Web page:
The Star Advertiser wrote an article about my work discussing death and my new book. I have shared a copy of the article below in this post, or you can view the original article at the Star Advertiser website (requires an account to access).
Let’s talk about death — and try to be there for the end
Many people wouldn’t consider death suitable kitchen table conversation.
Lani Leary would.
For more than 25 years, the Kaneohe psychotherapist, grief counselor and consultant has been helping others die with grace and dignity, and — more to the point — helping their loved ones realize it is part of love to aid in the inevitable goodbye.
The author of a new book, “No One Has to Die Alone: Preparing for a Meaningful Death” (Simon & Schuster/Atria Books, $15), believes firmly we shouldn’t wait until death is imminent to discuss it with our spouses, our partners, our parents, our children and certainly with the professionals who can attend to the business and legal matters that must be handled in advance if the wishes of the individual are to be carried out and respected.
With children, especially, Leary said, death should be on the table — in age-appropriate language — just as, in good parenting, drugs, sex, bullying, relationships, college and careers should be discussed, because death is the one absolute certainty in our lives.
There is time. The Centers for Disease Control and Prevention’s National Vital Statistic Reports show most of us will not die unexpectedly; 90 percent of Americans die of an illness of some length.
Leary has been a witness at more than 500 deathbeds. “The book’s title is meant to acknowledge that the greatest fear of the dying is not their imminent death, not even their pain. Their greatest fear is being alone,” she said. “We can be their companions in this.”
Another factor is distance. Older people in America rarely live in a family home. There is little opportunity for them to tell their stories, to say whatever they might wish to say or do, to just be there and watch life go on around them. Instead, if they can afford it, they buy a funeral plan.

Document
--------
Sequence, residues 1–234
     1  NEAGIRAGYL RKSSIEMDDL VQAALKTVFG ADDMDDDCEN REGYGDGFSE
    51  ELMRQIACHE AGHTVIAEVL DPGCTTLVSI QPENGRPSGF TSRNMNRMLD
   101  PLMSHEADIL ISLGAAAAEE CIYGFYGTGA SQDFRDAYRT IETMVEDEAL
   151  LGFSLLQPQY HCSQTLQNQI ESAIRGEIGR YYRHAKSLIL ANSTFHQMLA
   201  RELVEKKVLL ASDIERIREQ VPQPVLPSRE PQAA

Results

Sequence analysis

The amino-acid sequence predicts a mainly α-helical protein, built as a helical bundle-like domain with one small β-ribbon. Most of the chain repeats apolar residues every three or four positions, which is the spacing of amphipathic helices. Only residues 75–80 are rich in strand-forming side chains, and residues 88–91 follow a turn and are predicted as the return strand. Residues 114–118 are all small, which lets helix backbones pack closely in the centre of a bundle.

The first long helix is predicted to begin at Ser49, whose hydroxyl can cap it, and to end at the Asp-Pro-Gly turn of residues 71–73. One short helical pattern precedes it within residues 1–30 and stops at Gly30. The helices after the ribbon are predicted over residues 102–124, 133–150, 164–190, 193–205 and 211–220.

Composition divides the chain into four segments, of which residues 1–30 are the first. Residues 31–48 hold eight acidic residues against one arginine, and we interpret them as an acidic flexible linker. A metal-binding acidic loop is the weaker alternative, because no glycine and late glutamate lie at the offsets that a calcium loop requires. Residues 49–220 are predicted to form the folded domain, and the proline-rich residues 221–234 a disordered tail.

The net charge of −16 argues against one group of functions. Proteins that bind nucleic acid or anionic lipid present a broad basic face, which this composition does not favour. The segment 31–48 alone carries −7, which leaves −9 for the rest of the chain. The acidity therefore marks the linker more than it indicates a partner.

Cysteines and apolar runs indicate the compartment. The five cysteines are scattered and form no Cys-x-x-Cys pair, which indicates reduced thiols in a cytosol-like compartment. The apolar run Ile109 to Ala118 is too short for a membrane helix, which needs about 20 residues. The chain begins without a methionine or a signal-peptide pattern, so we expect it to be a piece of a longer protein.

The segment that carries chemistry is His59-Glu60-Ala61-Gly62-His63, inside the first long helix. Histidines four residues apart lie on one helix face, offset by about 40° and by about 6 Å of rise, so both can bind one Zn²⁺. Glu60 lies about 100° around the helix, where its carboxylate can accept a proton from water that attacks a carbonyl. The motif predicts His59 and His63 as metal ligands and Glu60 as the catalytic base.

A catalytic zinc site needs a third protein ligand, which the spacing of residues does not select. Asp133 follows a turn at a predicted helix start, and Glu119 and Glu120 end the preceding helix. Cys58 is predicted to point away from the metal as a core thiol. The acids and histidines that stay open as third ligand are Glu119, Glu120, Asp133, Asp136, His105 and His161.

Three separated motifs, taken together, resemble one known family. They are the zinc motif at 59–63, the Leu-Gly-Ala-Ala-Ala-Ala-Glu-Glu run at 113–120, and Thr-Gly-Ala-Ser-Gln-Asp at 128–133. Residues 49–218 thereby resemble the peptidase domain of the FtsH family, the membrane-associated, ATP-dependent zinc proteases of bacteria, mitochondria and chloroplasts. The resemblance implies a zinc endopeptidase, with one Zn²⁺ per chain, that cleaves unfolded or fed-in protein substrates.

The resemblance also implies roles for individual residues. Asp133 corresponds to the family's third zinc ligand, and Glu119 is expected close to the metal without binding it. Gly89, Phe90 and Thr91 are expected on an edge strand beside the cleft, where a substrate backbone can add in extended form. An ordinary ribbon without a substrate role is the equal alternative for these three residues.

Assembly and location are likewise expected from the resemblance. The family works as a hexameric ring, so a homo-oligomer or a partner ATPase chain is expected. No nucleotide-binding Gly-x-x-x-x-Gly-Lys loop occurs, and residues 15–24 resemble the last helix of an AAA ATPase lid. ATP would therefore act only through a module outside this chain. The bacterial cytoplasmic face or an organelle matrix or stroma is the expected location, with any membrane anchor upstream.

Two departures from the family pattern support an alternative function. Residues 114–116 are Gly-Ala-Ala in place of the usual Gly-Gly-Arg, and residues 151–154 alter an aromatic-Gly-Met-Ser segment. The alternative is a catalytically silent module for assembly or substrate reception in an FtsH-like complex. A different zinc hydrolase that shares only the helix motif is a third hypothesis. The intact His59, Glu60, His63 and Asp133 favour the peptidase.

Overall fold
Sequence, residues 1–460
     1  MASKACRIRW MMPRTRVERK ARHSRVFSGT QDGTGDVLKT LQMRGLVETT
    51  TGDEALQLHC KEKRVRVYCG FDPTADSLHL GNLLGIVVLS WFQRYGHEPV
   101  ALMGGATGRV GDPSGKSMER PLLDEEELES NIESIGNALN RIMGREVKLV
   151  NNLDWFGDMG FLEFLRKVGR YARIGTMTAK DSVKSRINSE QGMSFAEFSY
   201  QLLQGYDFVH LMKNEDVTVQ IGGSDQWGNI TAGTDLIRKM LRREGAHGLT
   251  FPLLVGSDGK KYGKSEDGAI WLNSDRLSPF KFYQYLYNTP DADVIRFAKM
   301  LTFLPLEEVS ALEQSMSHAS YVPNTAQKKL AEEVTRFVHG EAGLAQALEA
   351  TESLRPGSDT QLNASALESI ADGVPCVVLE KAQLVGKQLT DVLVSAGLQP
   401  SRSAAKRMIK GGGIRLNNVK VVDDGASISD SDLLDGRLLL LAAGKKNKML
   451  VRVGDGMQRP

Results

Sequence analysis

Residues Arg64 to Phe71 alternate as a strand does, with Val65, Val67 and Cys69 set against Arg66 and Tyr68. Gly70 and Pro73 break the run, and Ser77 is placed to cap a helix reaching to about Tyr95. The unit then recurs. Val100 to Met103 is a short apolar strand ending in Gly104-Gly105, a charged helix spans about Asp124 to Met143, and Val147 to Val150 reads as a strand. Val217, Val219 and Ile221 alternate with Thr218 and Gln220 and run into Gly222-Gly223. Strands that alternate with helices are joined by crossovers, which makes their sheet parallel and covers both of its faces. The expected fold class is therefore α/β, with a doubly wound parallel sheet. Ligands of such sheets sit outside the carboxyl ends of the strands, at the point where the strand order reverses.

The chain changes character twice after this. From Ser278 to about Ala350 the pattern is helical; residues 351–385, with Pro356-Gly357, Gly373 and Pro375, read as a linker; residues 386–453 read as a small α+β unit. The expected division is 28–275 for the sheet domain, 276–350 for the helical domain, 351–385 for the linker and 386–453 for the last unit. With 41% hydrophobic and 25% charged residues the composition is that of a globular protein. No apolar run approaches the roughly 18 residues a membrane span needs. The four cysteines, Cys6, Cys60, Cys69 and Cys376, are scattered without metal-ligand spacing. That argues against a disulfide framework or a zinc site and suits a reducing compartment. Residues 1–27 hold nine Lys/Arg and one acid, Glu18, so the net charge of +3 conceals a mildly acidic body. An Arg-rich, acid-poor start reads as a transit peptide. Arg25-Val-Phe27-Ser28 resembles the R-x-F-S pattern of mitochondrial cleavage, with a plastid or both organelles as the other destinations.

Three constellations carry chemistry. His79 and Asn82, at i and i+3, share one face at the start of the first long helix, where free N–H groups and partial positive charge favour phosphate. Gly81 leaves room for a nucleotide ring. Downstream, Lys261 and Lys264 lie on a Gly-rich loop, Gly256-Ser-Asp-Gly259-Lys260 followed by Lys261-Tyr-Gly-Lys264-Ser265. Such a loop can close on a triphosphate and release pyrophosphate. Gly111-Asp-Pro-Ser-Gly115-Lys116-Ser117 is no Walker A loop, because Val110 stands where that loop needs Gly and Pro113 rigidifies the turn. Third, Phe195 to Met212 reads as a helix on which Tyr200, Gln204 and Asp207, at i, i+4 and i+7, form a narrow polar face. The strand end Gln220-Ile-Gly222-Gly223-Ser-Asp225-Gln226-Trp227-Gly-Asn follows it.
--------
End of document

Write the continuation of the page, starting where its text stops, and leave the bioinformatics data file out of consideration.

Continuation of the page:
It concerns Leary that we have given over the whole matter of death to the funeral industry.
“We are a culture so youth-oriented that to us, aging is weakness, something to be put away. We have no experience with it. We do not watch it,” she said.
There is no time with the body, no laying out, no period of memory and mourning that is not clothed in solemnity and … well, Leary would say, pretense.
We’re not allowed to wail. We’re lucky if we’re allowed “a minute alone.”
Today she has the skills, the training, the competence she didn’t have when a seminal incident changed her own life and, in effect, put her on her career path.
As a young girl, when she lost her mother at the age of 13, she never got that opportunity.
She recalls an ordinary day when her mother, perhaps anticipating the end, not feeling well, turned to her out of the blue and said, “I love you so much.” Leary responded with the feigned indifference of an adolescent. A few days later her mother was hospitalized suddenly.
Leary never saw or spoke to her again. She knew nothing about what happened — it was a rare disease of the immune system called Guillain-Barre syndrome — and was never allowed to go to the hospital.
Later she dared not approach her father in his own overwhelming grief.
“The greatest act of kindness and compassion would have been for someone to ask me, ‘What do you need to know?’ But no one did. People didn’t explain death to children. They thought, like the English, ‘least said, soonest mended.'”
She held these things in her heart. And years later, after years of study and caregiving, Leary was able to do for her cancer-stricken father what she had been unable to do for her mother: to be there, to ask him what he wanted and needed, to provide all she could.
She closed her practice on the mainland to be here in Hawaii with him to the end. It is, she said, an unexpectedly rewarding experience. “When we have done all we could, we have less guilt, less regret. It doesn’t mean we won’t be sad, but we will know that we have done what we could do,” she said.
She is a great believer in the use of hospice services to keep the dying in their homes and manage their pain, with professionals there to answer the family’s questions and with the person’s desires respected.
But isn’t it hard to bring up this taboo subject? What if Mom thinks you’re trying to get rid of her? What if Dad doesn’t know what he wants?
Knowledge is power, said Leary.
The book summarizes what she learned from the thousands of dying patients she worked with, what she wished she had known before her mother died. It encourages readers to be brave and proactive about their own death arrangements, not to fear death, but to embrace it as one of the experiences of life.
In summary, she said, “I fully believe that enhancing the quality of a person’s death enhances the quality of our life. I believe that those who engage and participate in the death of their loved ones experience their grief in a softer way than those who, for whatever reason, do not participate. Participation and service heal all of us at the deepest emotional level.”